River discharge and runoff 641 River discharge data

The most comprehensive network of discharge gauging stations in the terrestrial Arctic drainage is represented by R-ArcticNET, which was compiled from original national sources by investigators at the University of New Hampshire, Durham. Version 2.0 of R-ArcticNET holds data from 3754 sites. Figure 6.12 gives the location of the subset of gauges for basins of at least 104 km2. Also shown is a digital river network at 30 min x 30 min resolution (longitude x latitude) (known as STN-30p) developed by

Figure 6.12 River system for the Arctic terrestrial drainage based on the STN-30 digital network and location of discharge gauging stations for basins with areas greater than 10 000 km2. The lines over the Arctic Ocean indicate sea basins into which different river systems drain (from Lammers et al., 2001, by permission of AGU).

Figure 6.12 River system for the Arctic terrestrial drainage based on the STN-30 digital network and location of discharge gauging stations for basins with areas greater than 10 000 km2. The lines over the Arctic Ocean indicate sea basins into which different river systems drain (from Lammers et al., 2001, by permission of AGU).

Vorosmarty et al. (2000). The river network does not include the Greenland ice cap, but does include the non ice-covered portions of Greenland. Within the confines of the terrestrial Arctic drainage at this resolution there are 1967 individual drainage systems discharging to the ocean, encompassing a land area of 22.4 x 106 km2. As summarized by Lammers et al. (2001), typical errors for measured discharge are within the range of ±2 to 5% for non-ice conditions in river cross sections without floodplains and ±5 to 12% for rivers with floodplains. Maximum errors are in mountain rivers and can be as high as 25%. When temperatures are low, the discharge estimates are more uncertain due to anchor ice, frazil ice and backwater conditions, as well as floodplain icings (aufeis).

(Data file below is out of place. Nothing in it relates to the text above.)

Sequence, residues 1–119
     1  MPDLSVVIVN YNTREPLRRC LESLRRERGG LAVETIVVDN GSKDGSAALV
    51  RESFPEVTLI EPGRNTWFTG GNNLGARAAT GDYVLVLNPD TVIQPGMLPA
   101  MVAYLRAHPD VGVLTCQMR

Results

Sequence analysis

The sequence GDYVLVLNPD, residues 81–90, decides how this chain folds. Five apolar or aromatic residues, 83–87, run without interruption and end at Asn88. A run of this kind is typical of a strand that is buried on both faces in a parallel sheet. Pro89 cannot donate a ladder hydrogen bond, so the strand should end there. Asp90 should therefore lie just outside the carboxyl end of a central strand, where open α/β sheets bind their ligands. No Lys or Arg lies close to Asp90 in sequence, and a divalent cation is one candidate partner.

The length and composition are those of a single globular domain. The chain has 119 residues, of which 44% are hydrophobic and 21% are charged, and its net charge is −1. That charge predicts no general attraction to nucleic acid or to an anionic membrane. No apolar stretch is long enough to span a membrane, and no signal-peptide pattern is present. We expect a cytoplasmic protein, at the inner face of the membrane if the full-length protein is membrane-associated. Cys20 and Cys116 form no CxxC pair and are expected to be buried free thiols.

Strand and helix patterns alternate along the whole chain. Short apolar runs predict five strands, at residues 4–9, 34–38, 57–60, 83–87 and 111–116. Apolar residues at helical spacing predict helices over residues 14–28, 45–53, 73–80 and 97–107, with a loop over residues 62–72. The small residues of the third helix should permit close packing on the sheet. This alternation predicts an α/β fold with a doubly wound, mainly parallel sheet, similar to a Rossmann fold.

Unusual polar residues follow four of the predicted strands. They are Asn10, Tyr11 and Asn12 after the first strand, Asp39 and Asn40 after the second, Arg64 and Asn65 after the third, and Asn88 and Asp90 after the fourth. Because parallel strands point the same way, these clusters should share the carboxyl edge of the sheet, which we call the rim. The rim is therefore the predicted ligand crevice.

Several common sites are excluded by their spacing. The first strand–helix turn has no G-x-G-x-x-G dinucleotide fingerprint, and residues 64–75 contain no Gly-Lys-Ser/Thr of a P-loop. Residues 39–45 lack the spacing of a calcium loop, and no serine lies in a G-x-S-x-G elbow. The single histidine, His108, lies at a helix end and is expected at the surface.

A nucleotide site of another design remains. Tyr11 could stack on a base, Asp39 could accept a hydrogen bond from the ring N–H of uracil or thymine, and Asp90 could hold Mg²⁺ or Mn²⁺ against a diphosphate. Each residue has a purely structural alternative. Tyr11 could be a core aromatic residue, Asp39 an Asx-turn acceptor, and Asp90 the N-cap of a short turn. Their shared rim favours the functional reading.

At present, about 70% of the total Arctic terrestrial drainage is monitored. In turn, over 70% of the Eurasian drainage area has been monitored by at least one gauge

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Figure 6.13 Number of gauges in the R-ArcticNET data base through time and the percentage of the drainage area monitored. Data are shown for North America, Eurasia and the Arctic drainage as a whole. Only gauges monitoring an area greater than 10 000 km2 are used for the percentage of area monitored (adapted from Lammers et al., 2001, by permission of AGU).

a 1900 1910 1920 1930 1940 1950 1960 1970 1980 1990

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Figure 6.13 Number of gauges in the R-ArcticNET data base through time and the percentage of the drainage area monitored. Data are shown for North America, Eurasia and the Arctic drainage as a whole. Only gauges monitoring an area greater than 10 000 km2 are used for the percentage of area monitored (adapted from Lammers et al., 2001, by permission of AGU).

since 1936 (Figure 6.13). However, in the North American part of the drainage, the total gauged area did not surpass 50% until 1964. Since 1985, there has been a large decrease in the number of gauges over Eurasia. Fortunately, this has not significantly reduced the total monitored area as the gauges no longer in operation are usually not the most downstream gauges.

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